4. Something else that occurred to me: I read InquisitorM's short story (8/10 dwarf planets. Character voice was good, nice descriptions, Celestia getting emotionally destroyed by beauty within her artisanal realm that she could nary before have even hoped to imagine was top drawer, but odd innuendos seemed sudden and forced without any other context, making the main character feel "cheaper" overall, and the activities and attire of Luna during royal downtime seemed a little too plebeiesque for me to fully buy into), and I think it touched on the significant but rarely prominent moral that no matter your status in life, it's important to have friends who treat you as a trusted equal in order to keep hold of your sense of self, or humanity, or equineity in this case. "Trusted," being the key word there. You can't be yourself around someone if you don't actually trust them. If any of you out there have siblings, or children, or any other tantamount relation, then strive for that! You've got a natural advantage, and it's really important. It keeps people from going insane.

    We also learned the lesson that adding small furry rodents to a story will make Chris veto all other content and automatically give it 5 stars.

    1. Yeah, I can see the issue with some stuff seeming forced, and that's entirely down to the idea of what's actually going on and whether part two ever sees the light of day.

      When I originally had the idea, there was a small epilogue at the end of it that would have made more sense of it, but I pulled it out to make it a mini-event of its own.

    2. Removing an epilogue from a short story in order to create a mini-event that will make sense of the original short sounds kind of like pulling a stick out of a hat to balance a plate that's already spinning in the air on the end of it. Good luck if that's what you want to do though! Personally I thought it was fine just as a little writing blurb, but if you've got more story to tell, then tell it, son, and tell it well. I won't stop you.

  5. A psychologically bleak ending, you say. That sounds like the kind of thing that I would hate. I almost want to know how much I should hate it, and what I would rather have been done. And hate is a strong word; I should check that this is a situation deserving of it...

    Some time later.

    Huh. And here I was looking forward to writing "Why did I do this to myself?"
    First, let me say that I have not read 1984. Also, I'm not going for a dark interpretation just because of the dark tag. But for me, this story isn't necessarily bleak at all. We know that Celestia is not planning to keep Twilight in an (obviously) authoritarian semi-simulated reality dependant on collectively believed lies. Twilight will one day learn that 2+2=4, and not 5. This emotionally charged lesson will eventually teach Twilight that Celestia can not only be wrong, but can lie. And Celestia must be able to see that this will happen, so it seems like that's actually the lesson she's trying to teach in the long term. True, it's going to be taxing on Twilight's and Celestia's relationship, but it should help teach Twilight to think for herself, which is something this Twilight seems to need (yes, I know she's very young here, but we don't actually know how young, and it's a lesson she will have to learn sometime regardless). As someone who hasn't read 1984, I'd say this is just a harsh but well-intended lesson, and I would have liked to read about the aftermath when Twilight's trying to understand why Celestia lied to her.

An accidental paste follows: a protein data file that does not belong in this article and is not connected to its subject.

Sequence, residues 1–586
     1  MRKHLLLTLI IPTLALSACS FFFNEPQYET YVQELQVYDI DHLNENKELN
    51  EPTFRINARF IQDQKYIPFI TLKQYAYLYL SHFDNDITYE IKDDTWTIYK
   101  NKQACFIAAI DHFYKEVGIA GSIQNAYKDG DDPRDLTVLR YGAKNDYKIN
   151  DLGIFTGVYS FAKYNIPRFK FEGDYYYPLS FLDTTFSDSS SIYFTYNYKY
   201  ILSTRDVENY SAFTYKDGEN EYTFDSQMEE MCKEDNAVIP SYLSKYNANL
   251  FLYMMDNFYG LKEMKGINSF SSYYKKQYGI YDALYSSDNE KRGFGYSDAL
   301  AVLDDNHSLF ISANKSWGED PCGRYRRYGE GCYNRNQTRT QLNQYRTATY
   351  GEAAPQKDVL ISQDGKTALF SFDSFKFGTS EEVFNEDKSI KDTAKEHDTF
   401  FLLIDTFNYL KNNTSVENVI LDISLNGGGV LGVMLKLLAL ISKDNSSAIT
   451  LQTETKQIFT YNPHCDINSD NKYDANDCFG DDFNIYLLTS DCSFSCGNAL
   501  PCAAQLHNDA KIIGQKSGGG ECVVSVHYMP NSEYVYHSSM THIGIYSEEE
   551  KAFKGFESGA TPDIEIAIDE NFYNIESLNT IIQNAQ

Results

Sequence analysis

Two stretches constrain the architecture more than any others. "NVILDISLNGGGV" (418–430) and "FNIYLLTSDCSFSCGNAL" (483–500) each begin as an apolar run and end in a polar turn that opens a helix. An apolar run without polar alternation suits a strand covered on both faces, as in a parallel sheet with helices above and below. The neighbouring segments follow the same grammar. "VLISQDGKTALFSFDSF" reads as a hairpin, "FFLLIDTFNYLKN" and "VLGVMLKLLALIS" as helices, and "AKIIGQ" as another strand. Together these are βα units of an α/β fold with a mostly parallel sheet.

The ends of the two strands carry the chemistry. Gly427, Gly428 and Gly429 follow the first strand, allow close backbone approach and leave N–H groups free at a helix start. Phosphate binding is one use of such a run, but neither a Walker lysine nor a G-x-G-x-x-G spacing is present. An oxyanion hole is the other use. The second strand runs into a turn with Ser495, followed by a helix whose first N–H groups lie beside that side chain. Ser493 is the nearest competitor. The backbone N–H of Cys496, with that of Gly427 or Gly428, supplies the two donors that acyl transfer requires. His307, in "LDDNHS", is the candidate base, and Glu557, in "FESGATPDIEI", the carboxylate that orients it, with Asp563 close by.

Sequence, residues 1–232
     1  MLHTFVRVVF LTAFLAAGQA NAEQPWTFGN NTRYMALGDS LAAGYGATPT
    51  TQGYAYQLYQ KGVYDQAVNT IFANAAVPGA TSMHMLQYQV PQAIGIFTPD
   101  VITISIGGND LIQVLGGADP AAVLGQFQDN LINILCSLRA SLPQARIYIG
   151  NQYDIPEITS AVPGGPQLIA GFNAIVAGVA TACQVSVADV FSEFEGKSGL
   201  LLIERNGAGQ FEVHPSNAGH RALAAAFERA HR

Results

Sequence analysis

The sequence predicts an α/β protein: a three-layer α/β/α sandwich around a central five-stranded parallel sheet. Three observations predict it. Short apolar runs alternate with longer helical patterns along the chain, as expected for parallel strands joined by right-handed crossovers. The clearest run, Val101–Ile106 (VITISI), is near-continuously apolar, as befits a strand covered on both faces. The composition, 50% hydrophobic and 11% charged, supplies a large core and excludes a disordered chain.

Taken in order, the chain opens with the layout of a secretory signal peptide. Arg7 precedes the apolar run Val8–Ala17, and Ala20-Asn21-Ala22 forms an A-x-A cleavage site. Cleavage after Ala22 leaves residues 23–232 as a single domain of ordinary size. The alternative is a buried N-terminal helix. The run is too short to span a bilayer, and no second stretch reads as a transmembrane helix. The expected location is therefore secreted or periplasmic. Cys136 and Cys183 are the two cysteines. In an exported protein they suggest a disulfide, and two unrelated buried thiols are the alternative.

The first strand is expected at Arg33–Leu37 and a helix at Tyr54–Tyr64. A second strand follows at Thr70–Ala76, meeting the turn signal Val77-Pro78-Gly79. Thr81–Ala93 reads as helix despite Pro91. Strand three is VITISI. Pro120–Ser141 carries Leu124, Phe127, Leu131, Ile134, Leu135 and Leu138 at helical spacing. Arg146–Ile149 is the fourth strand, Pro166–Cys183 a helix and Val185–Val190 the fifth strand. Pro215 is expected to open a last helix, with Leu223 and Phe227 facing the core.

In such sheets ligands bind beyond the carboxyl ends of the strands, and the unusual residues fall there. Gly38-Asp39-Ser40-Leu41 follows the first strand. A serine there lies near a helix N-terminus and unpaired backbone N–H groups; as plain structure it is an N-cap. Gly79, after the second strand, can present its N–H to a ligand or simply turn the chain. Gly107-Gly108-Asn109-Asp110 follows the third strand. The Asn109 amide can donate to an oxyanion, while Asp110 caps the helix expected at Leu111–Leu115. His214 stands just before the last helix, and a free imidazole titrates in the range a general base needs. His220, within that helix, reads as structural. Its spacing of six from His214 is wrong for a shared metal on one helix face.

I really liked I, Paladin. (How do you italicise these posts?) The characters in it felt alive in a way that I'm not really used to seeing in fanfiction. I don't know if it's the stream of consciousness style, the way that characters are only really conveyed in terms of what they think and do, or that there weren't really any generic scenes or action that could have applied to just about any character ever, but I think it's great.

    And a "4000 word blogpost on wedding lore and exploration" where the reader is ideally "willing to pre-provide the emotional setup and context for a wedding" did not sound interesting, at all.